Over at Joo-ran’s, she tells Young-jae all about the date and how no matter how she tried, she couldn’t find a single charm in Officer Gong. She then asks Young-jae about Joon-young and how she can date someone who’s the opposite of her ideal type. Young-jae hadn’t really thought about that, but it starts to sink in.

She brings it up to Joon-young when they talk on the phone that night, asking why he likes her when in reality, they’re not really suited for each other. She asks a bunch of questions about preferences and their answers differ every time. Either way, Young-jae says that doesn’t change the fact that she likes him.

Joon-young smiles and says that opposites can have great relationships too. He then starts rambling about the science of attraction, unaware that Young-jae has fallen asleep. He hears her snoring and laughs, saying, “You snore and I don’t snore. We’re definitely suited for each other.” Aww, stahp.

The next day, Joo-ran tells Young-jae that the famous Designer Hong wants her on his team for a fashion show, which could be a big step for her career. Young-jae is ecstatic to join, that is, until she meets the runway model they’ll be working with: So-hee.

Designer Hong gushes over So-hee, explaining that she requested Young-jae herself. Despite Young-jae’s surprise, she handles the rest of the meeting in a professional manner. But it’s hard with So-hee constantly putting down her suggestions.

Young-jae lets off steam by visiting a ddeokbokki place and calling Joo-ran, loudly stating that So-hee is as awful as ever. At a table behind her, a young man gawks as she says she could just smack So-hee.

Young-jae leaves the shop with her food, the young man close behind, and she comes across a halmeoni who’s dropped all of her apples. Young-jae doesn’t hesitate to help pick them up, ordering the young man to do the same.

After gathering the apples, Young-jae thanks the young man and heads back to work, while he watches her with a rather smitten expression. We later learn that this is plastic surgeon CHOI HO-CHUL (Min Woo-hyuk).

After his day at work, Ho-chul is told that he needs a haircut if he wants to look good for his upcoming broadcast. He’s looking at his reflection in the window when his eyes go across the street and find Young-jae sitting in her salon alone.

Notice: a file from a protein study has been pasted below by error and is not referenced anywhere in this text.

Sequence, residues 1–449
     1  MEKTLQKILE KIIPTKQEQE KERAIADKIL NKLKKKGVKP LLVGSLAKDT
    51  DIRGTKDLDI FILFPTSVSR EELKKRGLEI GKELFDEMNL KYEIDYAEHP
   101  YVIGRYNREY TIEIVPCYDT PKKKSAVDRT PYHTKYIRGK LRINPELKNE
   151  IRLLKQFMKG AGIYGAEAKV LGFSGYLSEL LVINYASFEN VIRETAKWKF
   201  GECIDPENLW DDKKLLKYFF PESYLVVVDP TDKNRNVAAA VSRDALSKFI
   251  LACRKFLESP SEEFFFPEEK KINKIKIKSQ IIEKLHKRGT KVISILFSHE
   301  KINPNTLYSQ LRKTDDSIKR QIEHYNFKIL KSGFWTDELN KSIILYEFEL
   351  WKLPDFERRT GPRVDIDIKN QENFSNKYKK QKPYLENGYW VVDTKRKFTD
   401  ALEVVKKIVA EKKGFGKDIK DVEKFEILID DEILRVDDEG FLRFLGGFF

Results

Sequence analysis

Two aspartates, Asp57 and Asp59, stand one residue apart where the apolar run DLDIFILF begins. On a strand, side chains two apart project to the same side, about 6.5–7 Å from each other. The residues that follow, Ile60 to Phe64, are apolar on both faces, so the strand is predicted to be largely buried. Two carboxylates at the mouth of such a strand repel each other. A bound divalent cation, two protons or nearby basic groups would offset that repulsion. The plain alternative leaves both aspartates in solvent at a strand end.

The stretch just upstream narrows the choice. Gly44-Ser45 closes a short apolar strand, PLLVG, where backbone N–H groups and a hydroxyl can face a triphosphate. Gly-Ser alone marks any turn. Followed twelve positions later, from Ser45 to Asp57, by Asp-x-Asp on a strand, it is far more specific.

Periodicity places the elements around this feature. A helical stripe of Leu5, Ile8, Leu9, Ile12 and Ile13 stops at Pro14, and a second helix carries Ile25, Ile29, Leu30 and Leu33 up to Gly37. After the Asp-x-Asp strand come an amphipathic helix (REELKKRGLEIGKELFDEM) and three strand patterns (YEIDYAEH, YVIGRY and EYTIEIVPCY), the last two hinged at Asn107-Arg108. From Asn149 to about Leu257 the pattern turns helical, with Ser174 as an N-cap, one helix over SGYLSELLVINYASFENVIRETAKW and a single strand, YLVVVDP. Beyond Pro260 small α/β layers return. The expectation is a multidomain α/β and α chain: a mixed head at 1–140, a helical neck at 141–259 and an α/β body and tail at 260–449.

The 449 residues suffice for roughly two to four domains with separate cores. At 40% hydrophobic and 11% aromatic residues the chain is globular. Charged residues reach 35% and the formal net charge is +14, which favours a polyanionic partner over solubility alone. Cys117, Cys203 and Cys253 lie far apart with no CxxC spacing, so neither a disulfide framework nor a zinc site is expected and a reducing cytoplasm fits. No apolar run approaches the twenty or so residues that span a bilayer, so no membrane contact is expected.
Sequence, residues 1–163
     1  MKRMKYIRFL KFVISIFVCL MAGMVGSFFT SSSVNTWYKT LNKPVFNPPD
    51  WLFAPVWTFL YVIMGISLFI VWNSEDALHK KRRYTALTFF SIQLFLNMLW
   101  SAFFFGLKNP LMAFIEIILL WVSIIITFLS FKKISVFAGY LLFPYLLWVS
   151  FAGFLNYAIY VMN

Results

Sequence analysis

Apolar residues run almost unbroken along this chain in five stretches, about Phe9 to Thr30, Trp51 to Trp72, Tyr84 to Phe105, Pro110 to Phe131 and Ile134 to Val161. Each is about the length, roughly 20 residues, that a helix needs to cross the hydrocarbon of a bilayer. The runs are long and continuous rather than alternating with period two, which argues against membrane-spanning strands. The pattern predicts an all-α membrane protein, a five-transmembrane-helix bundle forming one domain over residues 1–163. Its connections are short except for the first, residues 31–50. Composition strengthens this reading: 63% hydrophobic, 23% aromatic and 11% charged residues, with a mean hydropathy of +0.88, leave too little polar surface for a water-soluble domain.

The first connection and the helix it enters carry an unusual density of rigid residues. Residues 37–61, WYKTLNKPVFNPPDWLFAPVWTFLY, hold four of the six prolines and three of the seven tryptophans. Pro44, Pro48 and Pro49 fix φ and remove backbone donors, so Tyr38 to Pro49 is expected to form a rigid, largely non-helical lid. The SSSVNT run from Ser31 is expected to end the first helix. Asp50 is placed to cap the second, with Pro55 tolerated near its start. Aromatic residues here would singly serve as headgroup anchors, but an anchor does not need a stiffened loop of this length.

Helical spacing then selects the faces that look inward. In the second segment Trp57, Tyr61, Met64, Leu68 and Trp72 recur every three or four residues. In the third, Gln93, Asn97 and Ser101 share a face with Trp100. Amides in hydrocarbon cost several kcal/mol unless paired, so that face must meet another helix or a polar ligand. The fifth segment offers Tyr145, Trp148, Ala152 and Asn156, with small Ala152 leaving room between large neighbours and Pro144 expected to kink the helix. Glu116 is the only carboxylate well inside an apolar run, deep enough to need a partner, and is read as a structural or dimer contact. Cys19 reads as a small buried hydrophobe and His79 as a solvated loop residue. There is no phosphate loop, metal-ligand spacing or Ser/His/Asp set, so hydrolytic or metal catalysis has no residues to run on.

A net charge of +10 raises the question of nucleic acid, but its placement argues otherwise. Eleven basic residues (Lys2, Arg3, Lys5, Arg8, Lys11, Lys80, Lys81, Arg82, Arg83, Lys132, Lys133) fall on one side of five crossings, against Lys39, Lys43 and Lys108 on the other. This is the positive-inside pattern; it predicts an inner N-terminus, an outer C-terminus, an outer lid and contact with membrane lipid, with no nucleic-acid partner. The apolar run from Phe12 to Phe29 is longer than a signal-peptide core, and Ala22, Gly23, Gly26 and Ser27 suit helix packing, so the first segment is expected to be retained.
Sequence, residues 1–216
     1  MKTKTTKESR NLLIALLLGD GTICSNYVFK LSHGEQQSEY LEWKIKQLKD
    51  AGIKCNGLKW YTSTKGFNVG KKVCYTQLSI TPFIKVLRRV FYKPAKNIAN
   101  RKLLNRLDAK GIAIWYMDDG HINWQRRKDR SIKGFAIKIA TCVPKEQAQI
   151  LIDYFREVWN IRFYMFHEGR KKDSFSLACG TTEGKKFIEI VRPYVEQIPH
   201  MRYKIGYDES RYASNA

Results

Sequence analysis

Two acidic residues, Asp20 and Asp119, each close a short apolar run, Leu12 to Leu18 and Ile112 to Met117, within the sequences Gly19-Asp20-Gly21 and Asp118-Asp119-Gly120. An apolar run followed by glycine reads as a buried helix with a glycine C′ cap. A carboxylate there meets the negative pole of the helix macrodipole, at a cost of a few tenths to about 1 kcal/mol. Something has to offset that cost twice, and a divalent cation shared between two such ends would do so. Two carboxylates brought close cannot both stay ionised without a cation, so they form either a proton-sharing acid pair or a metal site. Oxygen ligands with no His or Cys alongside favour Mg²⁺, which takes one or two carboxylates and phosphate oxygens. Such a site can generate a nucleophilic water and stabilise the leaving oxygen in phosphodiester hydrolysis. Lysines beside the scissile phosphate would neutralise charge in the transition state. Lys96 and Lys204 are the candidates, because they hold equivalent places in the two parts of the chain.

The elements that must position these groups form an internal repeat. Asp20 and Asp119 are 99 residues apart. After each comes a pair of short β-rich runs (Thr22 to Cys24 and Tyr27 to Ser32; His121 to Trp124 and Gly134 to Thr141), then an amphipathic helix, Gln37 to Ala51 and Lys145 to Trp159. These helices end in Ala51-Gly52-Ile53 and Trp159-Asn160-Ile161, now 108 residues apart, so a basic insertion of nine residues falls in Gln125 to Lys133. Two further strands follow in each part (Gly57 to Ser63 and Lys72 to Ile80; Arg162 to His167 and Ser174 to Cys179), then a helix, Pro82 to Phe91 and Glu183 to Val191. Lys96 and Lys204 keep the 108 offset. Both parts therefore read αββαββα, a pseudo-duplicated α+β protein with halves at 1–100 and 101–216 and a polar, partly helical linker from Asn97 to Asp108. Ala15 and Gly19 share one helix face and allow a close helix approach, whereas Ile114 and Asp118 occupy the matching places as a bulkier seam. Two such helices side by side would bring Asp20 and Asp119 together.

Ho-chul goes over to the salon, and Young-jae recognizes him from earlier. Since her students have already left, she gives him the haircut herself. As she does, Ho-chul innocently flirts with her, though she doesn’t pay it much attention. She just urges him to stand up so they can wash his hair.

Meanwhile, Joon-young decides to visit Young-jae since they haven’t seen each other for a couple of days. He picks up a late night snack, making sure it’s extra spicy for her, and happily drives over to the salon.

His smile drops as soon as he sees Young-jae with Ho-chul, washing his hair when she promised she’d never do so. He turns to leave, not knowing how to feel, but stops after a second thought.

He calls Young-jae and asks if she wants him to drop by, watching her reaction. She tells him that she’s busy and that she’ll call later. He then catches Ho-chul trying to flirt and is instantly filled with jealousy.

 
COMMENTS

Oh, here we go. No matter how sweet and scrapbook-worthy their honeymoon phase was, it had to get disrupted sometime. (Also, I guess the flashbacks were in the fall and the honeymoon phase was in the spring; my mistake.) I know a lot of beanies in the comments strongly believe that Joon-young and Young-jae are not right for each other, and it was interesting to see how the show introduced this problem.

Joon-young was right in saying that opposites can work really well together; it creates the yin-yang effect in platonic and romantic relationships. The balance can vary depending on the people, but if there’s some genuine effort put in, they can compliment each other in the right ways. They can inspire each other to step out of their comfort zones and try new things together. Though it challenges people positively, it also carries a higher chance of challenging them negatively. Once they’re out of “spring” and settling into what could possibly be the long haul, these negative challenges could make or break them.

Maybe I’m too optimistic, or maybe this couple has me wrapped around their little finger, but I want to believe that the whole “opposites attract” thing can work beyond the “attract.” That it can work with Joon-young and Young-jae. But now that they’re moving onto the next phase of their relationship, they need to start discussing these things. They need to figure out how their dynamic works and how they can make it work better, starting with disagreements.